Some people pass small volumes of gas more often, while others pass larger volumes less often. The sensitivity of the walls of the rectum will influence the pattern. The volume and aroma of the gas passed is of no diagnostic significance, except in cases of ulcerative colitis where a flare in the disease is often preceded by the passage of aromatic flatus.
Treatment involves dietary assessment aiming to reduce fibre, resistant starch and sulphur, the latter usually found in preservatives.
- Symptoms of intestinal gas are greatly affected by food, particularly high fibre foods, and medications that impact on gastrointestinal motility.
- Oesophagitis needs to be confirmed endoscopically.
- Gastroparesis is diagnosed with a gastric emptying study to exclude gastric outlet obstruction.
- Specific causes of bloating include coeliac disease and wheat sensitivity in patients without coeliac disease.
- Distribution of bloating to the upper and mid abdomen makes constipation less likely.
- Medications and diet modification play a key role in the management of bloating, particularly in terms of fibre, resistant starch and fat intake.
- Previous pregnancy, surgery and ageing may result in changes in pelvic muscle activity, which control the process of holding and passing gas.
Competing interests: None.
Provenance and peer review: Commissioned; externally peer reviewed.
- Bolin TD. Understanding gas and bloating: Why can’t I do my jeans up at night? NSW: The Gut Foundation, 2011.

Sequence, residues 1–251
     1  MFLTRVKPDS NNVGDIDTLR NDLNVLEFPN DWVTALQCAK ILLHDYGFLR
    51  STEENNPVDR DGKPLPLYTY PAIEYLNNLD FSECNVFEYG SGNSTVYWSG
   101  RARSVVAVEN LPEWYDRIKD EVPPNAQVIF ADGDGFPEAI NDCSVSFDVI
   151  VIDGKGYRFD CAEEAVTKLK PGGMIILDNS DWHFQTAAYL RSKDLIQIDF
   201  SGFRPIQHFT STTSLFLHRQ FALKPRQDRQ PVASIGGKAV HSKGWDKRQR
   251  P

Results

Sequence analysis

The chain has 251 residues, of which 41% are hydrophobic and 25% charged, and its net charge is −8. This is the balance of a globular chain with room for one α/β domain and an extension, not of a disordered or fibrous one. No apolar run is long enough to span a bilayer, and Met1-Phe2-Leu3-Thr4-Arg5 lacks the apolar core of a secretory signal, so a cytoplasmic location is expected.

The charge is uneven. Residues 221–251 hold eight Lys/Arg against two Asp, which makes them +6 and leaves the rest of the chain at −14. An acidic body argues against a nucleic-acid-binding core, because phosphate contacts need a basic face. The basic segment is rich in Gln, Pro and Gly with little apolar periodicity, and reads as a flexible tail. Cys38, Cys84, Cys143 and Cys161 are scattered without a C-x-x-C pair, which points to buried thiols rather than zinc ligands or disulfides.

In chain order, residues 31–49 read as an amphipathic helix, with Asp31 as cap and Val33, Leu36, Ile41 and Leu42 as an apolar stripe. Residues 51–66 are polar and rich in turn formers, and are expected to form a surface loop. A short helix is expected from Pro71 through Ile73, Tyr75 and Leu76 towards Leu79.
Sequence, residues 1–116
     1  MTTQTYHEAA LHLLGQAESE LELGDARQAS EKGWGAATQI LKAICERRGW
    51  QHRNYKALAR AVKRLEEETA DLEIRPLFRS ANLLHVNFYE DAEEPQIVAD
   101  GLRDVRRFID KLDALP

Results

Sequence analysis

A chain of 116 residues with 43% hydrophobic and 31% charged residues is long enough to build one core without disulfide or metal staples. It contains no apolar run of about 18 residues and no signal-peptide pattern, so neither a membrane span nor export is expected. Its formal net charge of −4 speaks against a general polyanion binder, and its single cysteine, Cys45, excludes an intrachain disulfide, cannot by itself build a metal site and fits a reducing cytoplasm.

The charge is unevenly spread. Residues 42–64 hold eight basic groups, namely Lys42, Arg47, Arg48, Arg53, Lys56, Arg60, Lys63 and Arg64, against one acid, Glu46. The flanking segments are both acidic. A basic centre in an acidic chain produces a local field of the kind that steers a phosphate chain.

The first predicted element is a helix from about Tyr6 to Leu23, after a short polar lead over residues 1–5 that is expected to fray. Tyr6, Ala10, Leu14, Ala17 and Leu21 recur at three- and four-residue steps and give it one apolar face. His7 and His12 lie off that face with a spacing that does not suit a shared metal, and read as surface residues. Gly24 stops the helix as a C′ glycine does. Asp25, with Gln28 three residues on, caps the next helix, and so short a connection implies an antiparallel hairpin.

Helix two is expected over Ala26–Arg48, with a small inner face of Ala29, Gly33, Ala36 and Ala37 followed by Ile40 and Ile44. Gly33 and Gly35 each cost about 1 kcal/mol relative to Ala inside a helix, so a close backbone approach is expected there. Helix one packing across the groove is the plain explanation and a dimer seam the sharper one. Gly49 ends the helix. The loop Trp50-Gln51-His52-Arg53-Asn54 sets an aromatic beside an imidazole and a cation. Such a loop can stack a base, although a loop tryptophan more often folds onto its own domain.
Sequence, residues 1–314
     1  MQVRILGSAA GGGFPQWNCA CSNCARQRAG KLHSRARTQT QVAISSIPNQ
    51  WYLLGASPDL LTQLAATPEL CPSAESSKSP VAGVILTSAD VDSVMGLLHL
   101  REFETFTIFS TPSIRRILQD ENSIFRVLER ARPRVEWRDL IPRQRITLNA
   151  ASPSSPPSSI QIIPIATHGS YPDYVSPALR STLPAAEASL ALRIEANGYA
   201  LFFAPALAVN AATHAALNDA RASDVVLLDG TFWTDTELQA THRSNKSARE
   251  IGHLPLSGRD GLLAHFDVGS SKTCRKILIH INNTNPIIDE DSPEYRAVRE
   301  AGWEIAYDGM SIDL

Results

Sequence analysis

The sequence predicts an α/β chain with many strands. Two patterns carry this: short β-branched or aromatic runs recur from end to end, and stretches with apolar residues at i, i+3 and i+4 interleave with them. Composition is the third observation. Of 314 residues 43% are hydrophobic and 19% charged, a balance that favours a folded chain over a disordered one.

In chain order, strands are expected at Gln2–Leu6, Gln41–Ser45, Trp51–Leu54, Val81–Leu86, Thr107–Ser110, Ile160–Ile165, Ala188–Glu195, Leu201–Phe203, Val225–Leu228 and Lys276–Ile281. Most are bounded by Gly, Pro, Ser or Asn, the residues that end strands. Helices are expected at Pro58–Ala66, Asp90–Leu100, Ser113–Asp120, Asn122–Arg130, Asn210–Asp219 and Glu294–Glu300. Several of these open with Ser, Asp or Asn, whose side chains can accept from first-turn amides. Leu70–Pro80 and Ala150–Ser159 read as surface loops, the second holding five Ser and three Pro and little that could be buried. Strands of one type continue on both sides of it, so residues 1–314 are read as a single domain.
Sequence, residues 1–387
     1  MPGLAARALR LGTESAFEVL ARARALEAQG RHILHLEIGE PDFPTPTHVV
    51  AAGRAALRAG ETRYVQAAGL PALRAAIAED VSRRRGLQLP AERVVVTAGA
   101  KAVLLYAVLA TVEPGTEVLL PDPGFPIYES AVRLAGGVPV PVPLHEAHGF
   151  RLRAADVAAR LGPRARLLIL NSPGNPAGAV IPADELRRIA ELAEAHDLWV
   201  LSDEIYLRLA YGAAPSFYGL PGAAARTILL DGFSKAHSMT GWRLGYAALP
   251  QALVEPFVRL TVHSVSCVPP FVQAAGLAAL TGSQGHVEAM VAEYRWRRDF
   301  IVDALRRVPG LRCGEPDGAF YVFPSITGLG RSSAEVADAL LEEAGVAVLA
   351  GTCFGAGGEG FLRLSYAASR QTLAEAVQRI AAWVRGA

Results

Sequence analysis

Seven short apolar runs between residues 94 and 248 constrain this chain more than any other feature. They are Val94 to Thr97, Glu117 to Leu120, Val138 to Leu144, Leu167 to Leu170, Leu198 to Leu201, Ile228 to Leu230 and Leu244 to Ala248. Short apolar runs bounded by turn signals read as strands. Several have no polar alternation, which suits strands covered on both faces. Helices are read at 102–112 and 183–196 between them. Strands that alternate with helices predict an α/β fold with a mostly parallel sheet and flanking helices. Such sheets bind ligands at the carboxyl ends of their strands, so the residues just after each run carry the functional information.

- OMP Worldwide. Gut survey 2008. The Gut Foundation, Aug 15, 2008. Available from The Gut Foundation.
- Biesiekierski JR, Newnham ED, Irving PM, et al. Gluten causes gastrointestinal symptoms in subjects without celiac disease: a double-blind randomized placebo-controlled trial. Am J Gastroenterol 2011;106:508–14.
- Carroccio A, Mansueto P, Iacono G, et al. Non-celiac wheat sensitivity diagnosed by double-blind placebo-controlled challenge: exploring a new clinical entity. Am J Gastroenterol 2012;107:1898–906.
- Serra J, Azpiroz, Malagelada JR. Impaired transit and tolerance of intestinal gas in the irritable bowel syndrome. Gut 2001;48:14–9.
- Agrahwal A, Houghton LA, Lea R, Morris J, Reilly B, Whorwell PJ. Bloating and distension in irritable bowel dyndrome: the role of visceral sensation. Gastroenterology 2008;134:1882–9.
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- Camilleri M, McKinzie S, Busciglio I, et al. Prospective study of motor, sensory, psychologic and autonomic functions in patients with irritable bowel syndrome. Clin Gastroenterol Hepatol 2008;6:772–81.
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- Passos MC, Serra J, Azpiroz F, Tremolaterra F, Malagelada JR. Impaired reflex control of intestinal gas transit in patients with abdominal bloating. Gut 2005;54:344–8.